From Boom to Bust? Climate Risk in the Golden State

James Barba, Fiona Kinniburgh
Posted on: 1/11/2016 - Updated on: 2/27/2020

Posted by

Tera Johnson



Today, California faces a new set of challenges and opportunities in the form of climate change. The state’s vast and varied topography—from the Redwood Coast to the fertile Central Valley, and from the Mojave Desert to the Sierra Nevadas—provides a glimpse into the significant and varied risks the state faces if we stay on our current climate course.

Along the coast, rising sea-levels will likely put billions of dollars of property and infrastructure at risk. Further inland, increasingly warm and dry conditions threaten the productivity of one of the richest agricultural regions in the world. Eastern California, a haven for natural recreation and tourism, will be permanently marked by warming temperatures and shifting precipitation patterns. And across the state, extreme heat will fuel large and costly wildfires, endanger water resources, drive up energy costs, exacerbate air pollution, and threaten human health.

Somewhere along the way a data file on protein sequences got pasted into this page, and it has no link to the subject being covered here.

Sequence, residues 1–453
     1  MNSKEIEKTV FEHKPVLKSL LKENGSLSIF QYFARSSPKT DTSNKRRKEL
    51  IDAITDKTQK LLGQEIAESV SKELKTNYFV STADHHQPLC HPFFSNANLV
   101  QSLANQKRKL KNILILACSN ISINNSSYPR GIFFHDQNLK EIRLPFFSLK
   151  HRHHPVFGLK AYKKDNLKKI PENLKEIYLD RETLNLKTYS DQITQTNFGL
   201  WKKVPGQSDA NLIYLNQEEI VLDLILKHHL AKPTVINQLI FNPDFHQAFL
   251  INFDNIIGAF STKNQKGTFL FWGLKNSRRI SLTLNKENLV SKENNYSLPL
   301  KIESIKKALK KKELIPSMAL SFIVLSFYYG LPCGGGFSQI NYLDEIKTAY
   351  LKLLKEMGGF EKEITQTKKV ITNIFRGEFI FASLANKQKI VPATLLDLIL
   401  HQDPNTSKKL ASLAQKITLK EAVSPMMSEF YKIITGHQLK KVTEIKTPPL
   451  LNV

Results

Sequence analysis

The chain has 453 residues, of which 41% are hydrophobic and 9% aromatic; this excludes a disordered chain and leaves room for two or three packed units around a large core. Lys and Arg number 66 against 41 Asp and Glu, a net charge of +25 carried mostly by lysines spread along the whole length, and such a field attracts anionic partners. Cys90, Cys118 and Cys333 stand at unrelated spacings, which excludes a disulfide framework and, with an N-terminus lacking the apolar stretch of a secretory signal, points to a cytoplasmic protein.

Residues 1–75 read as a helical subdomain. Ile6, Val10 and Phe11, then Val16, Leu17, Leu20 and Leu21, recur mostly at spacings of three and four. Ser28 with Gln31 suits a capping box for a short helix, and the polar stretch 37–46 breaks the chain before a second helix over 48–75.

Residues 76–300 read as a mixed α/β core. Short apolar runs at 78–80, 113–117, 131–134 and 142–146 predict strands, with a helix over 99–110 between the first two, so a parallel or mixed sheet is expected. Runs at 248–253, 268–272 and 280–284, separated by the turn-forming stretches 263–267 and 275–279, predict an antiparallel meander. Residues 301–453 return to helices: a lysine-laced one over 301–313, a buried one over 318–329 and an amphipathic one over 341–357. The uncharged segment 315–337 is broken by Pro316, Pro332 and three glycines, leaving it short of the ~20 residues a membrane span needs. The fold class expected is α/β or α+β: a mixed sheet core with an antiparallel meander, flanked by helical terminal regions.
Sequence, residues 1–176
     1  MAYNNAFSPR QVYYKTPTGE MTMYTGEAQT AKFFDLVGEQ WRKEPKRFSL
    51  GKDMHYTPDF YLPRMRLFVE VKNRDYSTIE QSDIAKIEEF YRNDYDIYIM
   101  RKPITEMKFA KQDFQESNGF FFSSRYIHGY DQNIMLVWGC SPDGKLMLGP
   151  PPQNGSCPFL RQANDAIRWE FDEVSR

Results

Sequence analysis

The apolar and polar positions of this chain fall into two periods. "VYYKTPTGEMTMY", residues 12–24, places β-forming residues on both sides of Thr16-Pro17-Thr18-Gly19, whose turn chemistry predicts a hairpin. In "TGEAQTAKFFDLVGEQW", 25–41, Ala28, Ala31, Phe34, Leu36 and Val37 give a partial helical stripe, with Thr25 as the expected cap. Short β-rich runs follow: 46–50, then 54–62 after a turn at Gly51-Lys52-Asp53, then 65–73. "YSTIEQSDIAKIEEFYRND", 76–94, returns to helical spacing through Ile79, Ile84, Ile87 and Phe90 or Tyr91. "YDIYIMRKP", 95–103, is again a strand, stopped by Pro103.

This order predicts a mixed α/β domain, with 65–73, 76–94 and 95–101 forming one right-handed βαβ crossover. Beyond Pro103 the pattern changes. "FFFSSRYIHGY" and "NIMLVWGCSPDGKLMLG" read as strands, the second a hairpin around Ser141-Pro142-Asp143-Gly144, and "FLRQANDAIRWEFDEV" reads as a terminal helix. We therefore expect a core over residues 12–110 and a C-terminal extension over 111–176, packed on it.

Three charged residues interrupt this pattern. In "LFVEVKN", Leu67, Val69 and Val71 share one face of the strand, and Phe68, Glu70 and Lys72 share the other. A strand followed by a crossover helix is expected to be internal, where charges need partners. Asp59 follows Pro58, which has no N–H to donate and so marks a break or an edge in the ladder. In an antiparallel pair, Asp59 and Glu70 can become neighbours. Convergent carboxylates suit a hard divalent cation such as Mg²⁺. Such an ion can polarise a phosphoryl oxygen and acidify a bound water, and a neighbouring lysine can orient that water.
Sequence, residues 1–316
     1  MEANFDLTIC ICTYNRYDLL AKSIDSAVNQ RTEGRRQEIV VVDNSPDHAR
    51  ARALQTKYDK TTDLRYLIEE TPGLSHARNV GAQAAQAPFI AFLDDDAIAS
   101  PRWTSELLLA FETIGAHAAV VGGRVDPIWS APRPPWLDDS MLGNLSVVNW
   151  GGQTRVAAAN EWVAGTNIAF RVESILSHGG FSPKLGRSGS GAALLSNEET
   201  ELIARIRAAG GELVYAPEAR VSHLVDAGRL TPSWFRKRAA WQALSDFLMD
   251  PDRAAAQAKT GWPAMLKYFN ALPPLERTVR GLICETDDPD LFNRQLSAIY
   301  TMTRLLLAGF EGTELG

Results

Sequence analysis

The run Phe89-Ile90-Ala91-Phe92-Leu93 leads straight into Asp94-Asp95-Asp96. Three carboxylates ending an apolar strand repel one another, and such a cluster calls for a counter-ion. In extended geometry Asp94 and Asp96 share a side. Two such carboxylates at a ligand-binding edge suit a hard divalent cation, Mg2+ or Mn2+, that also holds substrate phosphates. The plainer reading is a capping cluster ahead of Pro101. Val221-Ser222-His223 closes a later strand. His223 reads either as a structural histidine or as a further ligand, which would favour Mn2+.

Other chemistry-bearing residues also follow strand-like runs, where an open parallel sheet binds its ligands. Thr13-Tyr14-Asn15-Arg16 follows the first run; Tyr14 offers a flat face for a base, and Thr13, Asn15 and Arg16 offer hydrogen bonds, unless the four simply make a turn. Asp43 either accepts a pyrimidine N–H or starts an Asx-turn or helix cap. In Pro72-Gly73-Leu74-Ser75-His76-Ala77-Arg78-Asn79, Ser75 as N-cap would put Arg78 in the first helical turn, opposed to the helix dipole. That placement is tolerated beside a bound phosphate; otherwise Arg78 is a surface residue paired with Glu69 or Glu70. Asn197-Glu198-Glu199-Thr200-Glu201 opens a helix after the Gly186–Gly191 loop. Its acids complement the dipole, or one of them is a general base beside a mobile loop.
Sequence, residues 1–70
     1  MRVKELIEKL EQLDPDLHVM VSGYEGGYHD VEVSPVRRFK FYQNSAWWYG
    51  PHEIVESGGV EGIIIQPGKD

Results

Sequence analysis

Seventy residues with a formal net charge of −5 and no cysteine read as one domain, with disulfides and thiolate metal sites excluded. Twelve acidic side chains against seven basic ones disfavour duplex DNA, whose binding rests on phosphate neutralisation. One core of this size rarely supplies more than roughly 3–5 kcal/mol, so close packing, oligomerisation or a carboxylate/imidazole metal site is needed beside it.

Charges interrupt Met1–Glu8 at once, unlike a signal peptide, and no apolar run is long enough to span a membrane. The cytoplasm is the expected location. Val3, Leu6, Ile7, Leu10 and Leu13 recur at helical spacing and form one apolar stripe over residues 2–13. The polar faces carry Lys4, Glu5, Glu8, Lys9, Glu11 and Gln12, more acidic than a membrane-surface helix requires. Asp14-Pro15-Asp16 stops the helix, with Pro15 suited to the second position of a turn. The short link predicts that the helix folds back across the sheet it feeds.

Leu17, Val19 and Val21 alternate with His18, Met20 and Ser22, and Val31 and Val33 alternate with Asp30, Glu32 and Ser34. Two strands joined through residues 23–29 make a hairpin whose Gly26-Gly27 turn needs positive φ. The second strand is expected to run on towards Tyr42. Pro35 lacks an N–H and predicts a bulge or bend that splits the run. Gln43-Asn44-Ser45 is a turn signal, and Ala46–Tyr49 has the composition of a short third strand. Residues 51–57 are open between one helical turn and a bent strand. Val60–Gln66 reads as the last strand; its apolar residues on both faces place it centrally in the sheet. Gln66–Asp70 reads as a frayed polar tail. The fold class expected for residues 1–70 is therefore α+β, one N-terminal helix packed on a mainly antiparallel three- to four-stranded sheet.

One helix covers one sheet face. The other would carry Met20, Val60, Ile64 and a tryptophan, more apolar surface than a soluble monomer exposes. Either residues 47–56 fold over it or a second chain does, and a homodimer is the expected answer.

Our findings show that if we stay on our current global emissions pathway, California will likely face multiple and significant economic risks from climate change. However, if policymakers and business leaders act now to reduce emissions and adapt to a changing climate, we can significantly reduce these risks.